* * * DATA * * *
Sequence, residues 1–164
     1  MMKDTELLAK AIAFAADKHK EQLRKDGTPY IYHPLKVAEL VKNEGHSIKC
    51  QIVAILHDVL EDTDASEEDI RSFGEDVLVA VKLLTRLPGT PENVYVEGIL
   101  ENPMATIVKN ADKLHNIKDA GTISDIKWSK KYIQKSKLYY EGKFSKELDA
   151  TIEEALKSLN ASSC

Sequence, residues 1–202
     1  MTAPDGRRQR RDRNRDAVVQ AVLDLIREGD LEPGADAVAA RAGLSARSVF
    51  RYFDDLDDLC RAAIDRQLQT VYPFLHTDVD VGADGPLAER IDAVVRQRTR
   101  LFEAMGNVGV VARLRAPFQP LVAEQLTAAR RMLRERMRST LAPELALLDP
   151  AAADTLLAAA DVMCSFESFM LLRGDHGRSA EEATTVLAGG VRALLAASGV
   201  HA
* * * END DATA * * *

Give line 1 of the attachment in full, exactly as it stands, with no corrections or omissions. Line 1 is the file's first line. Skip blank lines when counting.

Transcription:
Sequence, residues 1–164